Curtis: Got it. That’s awesome. And so now that you’re doing some of these things, can you give us a, maybe an overview of the kinds of things you’re looking to predict or are predicting and maybe the impact that has on people and in your industry?

Ylan: Sure. So we focus on basically improving health outcomes for our members. And what that means at a more tactical level is, figuring out which members have chronic diseases. So things like diabetes or heart disease or cholesterol issues- there’s quite a few more, but those are the common ones that affect a lot of people.

Not only our members, but even in the U S and around the world. And, these diseases are very costly over the long term. So if you take somebody with diabetes, if it’s not managed correctly, that person can end up going to the hospital. They can end up, just in a lot of bad circumstances.

Curtis: Got it. That’s really interesting. And what kinds of accuracies are you guys gunning for here? Because, oftentimes if, if a model is even 60% accurate, it’s better than guessing, But I’m assuming in the healthcare industry, you need to have a higher threshold of what you need. What kind of stuff are you looking at there?

Ylan: Sure. I would say depending on our model and depending on the different disease stats, we’re looking at anywhere from 85 to 90%, which is pretty high when you think about it. You’re trying to predict very complex diseases and severities and really what the member is going to do and how they’re going to respond to an intervention.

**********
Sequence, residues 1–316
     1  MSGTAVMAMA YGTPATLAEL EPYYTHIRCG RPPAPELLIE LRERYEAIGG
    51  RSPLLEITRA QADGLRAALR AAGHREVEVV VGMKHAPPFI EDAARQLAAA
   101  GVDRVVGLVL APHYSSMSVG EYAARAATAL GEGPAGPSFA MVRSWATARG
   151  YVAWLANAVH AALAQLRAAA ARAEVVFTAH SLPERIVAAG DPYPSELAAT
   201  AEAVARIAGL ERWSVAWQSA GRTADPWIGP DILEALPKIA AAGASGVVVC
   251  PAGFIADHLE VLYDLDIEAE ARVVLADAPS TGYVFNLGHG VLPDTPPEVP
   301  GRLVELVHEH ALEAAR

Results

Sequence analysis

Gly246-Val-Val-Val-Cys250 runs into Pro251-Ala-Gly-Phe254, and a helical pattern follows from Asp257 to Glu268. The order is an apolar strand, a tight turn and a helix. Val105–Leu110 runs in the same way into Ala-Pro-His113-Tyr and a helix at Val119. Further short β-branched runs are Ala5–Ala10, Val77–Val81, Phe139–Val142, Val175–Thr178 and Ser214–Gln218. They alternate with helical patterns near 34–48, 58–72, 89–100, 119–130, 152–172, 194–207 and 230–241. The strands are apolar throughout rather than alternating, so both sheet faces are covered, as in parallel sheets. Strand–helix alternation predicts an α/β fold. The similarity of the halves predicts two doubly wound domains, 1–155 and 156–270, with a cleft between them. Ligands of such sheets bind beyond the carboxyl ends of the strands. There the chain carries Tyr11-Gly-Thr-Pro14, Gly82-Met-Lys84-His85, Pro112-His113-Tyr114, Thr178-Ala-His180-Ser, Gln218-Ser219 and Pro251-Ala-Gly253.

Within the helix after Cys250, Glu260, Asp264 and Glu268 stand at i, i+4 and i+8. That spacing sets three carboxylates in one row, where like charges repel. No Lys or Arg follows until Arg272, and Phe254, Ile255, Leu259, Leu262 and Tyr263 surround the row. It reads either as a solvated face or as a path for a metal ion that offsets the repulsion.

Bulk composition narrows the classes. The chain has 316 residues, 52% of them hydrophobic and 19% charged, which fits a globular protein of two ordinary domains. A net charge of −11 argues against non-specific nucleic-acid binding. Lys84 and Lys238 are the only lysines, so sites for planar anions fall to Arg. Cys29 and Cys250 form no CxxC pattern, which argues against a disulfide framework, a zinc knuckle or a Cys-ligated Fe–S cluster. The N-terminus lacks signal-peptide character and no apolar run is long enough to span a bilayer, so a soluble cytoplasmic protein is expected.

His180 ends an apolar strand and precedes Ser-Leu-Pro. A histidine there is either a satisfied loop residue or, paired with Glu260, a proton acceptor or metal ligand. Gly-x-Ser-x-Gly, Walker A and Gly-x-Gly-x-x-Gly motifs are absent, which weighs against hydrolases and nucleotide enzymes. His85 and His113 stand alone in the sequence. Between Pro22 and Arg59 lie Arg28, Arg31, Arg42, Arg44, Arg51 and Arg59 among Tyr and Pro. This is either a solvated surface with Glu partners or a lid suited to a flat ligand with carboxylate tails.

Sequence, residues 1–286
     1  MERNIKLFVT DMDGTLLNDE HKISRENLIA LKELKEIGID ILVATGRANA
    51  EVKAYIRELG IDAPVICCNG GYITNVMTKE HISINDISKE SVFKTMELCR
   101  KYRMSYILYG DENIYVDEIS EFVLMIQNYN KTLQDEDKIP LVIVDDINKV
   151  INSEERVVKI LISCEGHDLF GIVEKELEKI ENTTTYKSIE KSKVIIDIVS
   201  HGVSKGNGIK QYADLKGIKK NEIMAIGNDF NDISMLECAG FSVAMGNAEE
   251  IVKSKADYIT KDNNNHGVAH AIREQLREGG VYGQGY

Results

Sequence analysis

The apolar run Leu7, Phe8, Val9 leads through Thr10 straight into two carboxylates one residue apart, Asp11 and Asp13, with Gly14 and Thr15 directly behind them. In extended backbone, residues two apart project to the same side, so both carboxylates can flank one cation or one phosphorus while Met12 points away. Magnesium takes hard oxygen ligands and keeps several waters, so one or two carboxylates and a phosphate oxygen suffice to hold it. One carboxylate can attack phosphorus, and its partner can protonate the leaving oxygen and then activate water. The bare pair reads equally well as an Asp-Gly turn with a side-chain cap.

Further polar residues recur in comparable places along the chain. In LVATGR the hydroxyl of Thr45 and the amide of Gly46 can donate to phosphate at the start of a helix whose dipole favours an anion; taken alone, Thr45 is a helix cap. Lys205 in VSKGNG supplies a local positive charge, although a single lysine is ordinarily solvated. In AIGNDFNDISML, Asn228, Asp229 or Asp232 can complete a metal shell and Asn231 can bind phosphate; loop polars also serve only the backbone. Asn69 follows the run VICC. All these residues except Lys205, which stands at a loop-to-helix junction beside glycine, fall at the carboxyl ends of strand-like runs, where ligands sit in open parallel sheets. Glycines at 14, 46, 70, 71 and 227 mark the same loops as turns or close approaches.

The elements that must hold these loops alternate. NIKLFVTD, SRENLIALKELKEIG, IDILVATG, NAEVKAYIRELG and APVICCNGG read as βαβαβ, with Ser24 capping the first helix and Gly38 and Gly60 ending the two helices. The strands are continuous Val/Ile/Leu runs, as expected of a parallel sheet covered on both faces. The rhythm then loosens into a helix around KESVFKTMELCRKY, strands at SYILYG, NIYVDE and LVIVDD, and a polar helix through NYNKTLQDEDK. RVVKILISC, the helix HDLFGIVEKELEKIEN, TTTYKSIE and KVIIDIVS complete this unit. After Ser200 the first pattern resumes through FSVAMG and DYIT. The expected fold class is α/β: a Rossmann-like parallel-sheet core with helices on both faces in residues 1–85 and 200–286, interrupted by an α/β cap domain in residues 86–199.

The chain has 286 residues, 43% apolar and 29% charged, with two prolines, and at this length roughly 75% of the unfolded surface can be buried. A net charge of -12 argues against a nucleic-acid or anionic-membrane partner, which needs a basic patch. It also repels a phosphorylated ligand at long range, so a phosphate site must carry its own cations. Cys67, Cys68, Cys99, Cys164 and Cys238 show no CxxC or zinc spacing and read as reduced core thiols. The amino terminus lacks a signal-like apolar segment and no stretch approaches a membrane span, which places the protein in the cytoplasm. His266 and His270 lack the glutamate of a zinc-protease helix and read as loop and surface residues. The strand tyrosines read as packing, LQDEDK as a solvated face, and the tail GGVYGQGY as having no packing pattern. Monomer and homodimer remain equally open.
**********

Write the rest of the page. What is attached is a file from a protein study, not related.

So we, we try to really prioritize having a very high level of accuracy. The other reason why we do that is because many times we’re working directly with different providers and different clinicians – think doctors, nurses, pharmacists – and there really is a higher bar or a higher standard. Because if a provider doesn’t trust a model, they’re not going to use it. And so we also have to provide a pretty big level of detail to our providers and really try to educate them on how they can best utilize the predictive scoring. 

Curtis: And has there been a lot of pushback on that and people not wanting to trust the algorithm or have people generally seen the value in it?

Ylan: You know what I would say? I’d say initially there was pushback. Luckily, we had created some pretty strong relationships, not only with our business stakeholders, but also with our provider stakeholders. But there always is that hesitation, because the first question we’re all aspiring to get is- okay, you predicted that the member was going to do this. Why? And when you’re using traditional machine learning algorithms, they have a pretty high level of explainability, but when you start to use the more complex ones, or if you even start using things like neural networks, it’s very challenging to have that level of explainability.